November 20, 2017
I'm so happy to have found such a high protein food for my cat!
I used to feed her half kibble and half a homemade, raw, meat mixture, but I've recently decided to go vegan, so I am feeding her all kibble until I gain the knowledge/resources/guts to make her vegan too (so that I'm at least not directly buying the meat...).
However, I was worried about how much less protein and how much more carbs she would be getting by eating all kibble, which is why I'm so glad that someone is finally making an appropriately high protein kibble for cats! It's crazy how many people will scream about cats being obligate carnivores when the subject of vegan cats comes up, all while feeding their own cats kibbles/cans that are 50% (or more) carbohydrates.
I usually rotate my cat through 2-3 different kibble brands with 40-45% protein. I don't transition her from one to the other, I just switch her. When one bag is done, I open a new bag of a different brand. She never has any problem with this, because they all have similar macronutrient ratios. However, if she gets into my roommates' cat's food, which is only about 30% protein, she will get diarrhea.
With this Wysong food being 15-20% more protein than she is used to, I am transitioning over to it very slowly. If your pets are used to around 30% protein in their food, you will need to transition to this very, VERY slowly - this is double the protein that they are used to!
I'm not sure if my cat likes this food or not. She's not scarfing down her food like she usually does, but she's not picking around the Epigen kibbles, and she's also not acting like she's hungry, so maybe she is just feeling more satiated because of the high protein.
I certainly like it though! This kibble is dark and rich smelling, like other higher quality (and expensive!) kibbles I have purchased. It has the best macronutrient ratio of any kibble on the market (by far), and at an amazing price for how high-quality it is. I'm not sure if the price is so low because of how poorly it's been reviewed or what, but I really hope Wysong continues to make this product and sell it at such an affordable price!
My only small complaint is that the bag it comes in is made of a fairly thin plastic compared to other brands that I have bought. The food seems fresh enough though, so maybe it doesn't make a difference.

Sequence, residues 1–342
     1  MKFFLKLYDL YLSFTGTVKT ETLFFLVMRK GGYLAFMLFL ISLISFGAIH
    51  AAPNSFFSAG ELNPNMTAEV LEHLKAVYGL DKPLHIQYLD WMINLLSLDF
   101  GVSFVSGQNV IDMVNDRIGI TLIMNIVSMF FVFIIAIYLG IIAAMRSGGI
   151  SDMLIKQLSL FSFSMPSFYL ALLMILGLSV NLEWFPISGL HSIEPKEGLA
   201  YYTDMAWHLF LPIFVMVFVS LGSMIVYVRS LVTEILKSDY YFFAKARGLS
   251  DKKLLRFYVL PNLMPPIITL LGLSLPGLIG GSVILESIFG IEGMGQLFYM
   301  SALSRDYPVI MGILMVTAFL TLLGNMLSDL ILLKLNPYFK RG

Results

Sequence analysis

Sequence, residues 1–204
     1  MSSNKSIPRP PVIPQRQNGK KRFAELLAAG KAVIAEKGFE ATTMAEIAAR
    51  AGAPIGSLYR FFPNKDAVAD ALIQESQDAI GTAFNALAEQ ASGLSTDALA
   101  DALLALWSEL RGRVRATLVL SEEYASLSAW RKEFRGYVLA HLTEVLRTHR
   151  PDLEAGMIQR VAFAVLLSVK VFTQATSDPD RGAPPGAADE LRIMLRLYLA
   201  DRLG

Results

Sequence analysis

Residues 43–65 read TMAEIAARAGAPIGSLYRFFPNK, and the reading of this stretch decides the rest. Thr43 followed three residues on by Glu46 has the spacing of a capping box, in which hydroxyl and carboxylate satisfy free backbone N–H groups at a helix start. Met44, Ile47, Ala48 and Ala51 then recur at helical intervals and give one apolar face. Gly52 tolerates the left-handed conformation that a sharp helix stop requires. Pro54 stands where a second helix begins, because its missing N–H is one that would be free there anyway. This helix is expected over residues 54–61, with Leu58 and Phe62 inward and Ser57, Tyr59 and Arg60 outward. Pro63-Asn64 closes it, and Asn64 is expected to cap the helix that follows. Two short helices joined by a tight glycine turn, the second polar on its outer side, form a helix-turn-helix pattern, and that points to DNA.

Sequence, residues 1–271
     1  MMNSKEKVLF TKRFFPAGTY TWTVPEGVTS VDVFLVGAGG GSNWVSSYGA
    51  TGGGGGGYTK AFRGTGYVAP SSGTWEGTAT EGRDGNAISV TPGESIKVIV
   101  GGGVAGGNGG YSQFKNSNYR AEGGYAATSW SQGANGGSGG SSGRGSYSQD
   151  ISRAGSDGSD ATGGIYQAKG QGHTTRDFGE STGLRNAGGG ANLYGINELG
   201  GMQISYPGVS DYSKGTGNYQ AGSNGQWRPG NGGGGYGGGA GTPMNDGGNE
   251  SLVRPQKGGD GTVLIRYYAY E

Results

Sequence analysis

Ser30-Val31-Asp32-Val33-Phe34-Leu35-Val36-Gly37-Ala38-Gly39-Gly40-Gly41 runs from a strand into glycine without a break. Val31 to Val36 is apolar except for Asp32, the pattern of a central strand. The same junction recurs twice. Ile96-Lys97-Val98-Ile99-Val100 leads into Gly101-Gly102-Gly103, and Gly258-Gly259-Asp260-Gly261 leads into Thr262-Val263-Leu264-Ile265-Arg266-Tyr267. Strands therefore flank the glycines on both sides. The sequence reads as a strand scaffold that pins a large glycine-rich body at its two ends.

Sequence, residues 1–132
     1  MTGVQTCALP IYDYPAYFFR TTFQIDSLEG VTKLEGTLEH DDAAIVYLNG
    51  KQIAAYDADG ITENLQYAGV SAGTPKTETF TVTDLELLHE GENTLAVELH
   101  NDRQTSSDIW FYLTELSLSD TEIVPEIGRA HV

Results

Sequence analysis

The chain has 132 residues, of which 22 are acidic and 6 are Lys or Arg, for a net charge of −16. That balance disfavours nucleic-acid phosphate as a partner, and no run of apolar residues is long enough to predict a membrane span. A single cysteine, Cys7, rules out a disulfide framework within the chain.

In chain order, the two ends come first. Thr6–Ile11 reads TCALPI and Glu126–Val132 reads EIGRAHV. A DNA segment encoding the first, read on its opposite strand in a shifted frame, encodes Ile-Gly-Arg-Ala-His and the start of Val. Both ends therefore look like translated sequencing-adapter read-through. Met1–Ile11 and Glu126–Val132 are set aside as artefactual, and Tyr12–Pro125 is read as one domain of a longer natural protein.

For some reason, people have gotten it into their heads that "obligate carnivore" means that cats cannot digest or utilize carbohydrates, which is simply not true. What obligate carnivore really means, is that there are certain micronutrients that a cat needs to thrive/survive, which they cannot make in their own bodies. These are called "essential" nutrients. In nature, these essential nutrients are either not made by anything other than animals, or cats do not have access to enough of the non-animal organisms that do make them. So, in a cat's natural habitat, they can only gain these essential nutrients by eating other animals that do have the ability to make these nutrients in their own bodies. Therefore, in their natural habitat, they are "obligated" to eat the flesh of other animals.
Similarly, humans cannot make vitamin C in our own bodies, even though it is necessary for survival, so we are obligated to eat things that can make vitamin C. However, vitamin C is made by both plants and other animals, making us omnivores.
None of this has anything to do with carbohydrates. Cats DO have the ability to digest and utilize carbs (as evidenced by all the cats that have survived on crappy, high-carb, commercial cat foods), HOWEVER, because they have to eat so much meat to gain the essential nutrients they need (in their natural environment), their digestive systems are optimized for digesting and utilizing protein and fat, ultimately making protein and fat better for them. THIS is why a high protein and fat diet, like Wysong Epigen, is so good for them.
In the modern world, the meat that is used to make cat food is lower in some of the essential nutrients cats need in the first place (because of how the meat animals are fed/raised), and much of the nutrients that are there (essential and otherwise), are destroyed during the processing of the meat into cat food, so the essential nutrients need to be added back into the cat food during production. These nutrients are typically obtained in a lab from microorganism (bacteria, fungi) that either naturally produce the nutrients or have been genetically modified to produce them. So, the commercial cat foods will all be fairly similar in regard to micronutrients. This leaves the macronutrient ratios (amounts of protein, fat, and carbohydrate) as the main important difference, and this is where Wysong Epigen wins.